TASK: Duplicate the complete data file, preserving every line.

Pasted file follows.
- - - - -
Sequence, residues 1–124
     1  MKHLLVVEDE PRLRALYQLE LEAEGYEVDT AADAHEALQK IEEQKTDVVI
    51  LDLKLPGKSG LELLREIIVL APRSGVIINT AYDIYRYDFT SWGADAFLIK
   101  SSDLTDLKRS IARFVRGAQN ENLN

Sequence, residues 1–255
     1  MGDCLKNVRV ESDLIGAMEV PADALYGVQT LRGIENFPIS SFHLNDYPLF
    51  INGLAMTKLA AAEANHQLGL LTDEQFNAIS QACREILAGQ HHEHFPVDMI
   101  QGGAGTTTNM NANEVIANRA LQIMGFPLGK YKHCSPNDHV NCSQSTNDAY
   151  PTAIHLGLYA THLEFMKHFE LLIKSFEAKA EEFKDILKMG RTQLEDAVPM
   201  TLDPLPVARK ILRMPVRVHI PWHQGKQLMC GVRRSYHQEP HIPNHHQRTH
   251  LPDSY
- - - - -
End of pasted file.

Sequence, residues 1–124
     1  MKHLLVVEDE PRLRALYQLE LEAEGYEVDT AADAHEALQK IEEQKTDVVI
    51  LDLKLPGKSG LELLREIIVL APRSGVIINT AYDIYRYDFT SWGADAFLIK
   101  SSDLTDLKRS IARFVRGAQN ENLN

Sequence, residues 1–255
     1  MGDCLKNVRV ESDLIGAMEV PADALYGVQT LRGIENFPIS SFHLNDYPLF
    51  INGLAMTKLA AAEANHQLGL LTDEQFNAIS QACREILAGQ HHEHFPVDMI
   101  QGGAGTTTNM NANEVIANRA LQIMGFPLGK YKHCSPNDHV NCSQSTNDAY
   151  PTAIHLGLYA THLEFMKHFE LLIKSFEAKA EEFKDILKMG RTQLEDAVPM
   201  TLDPLPVARK ILRMPVRVHI PWHQGKQLMC GVRRSYHQEP HIPNHHQRTH
   251  LPDSY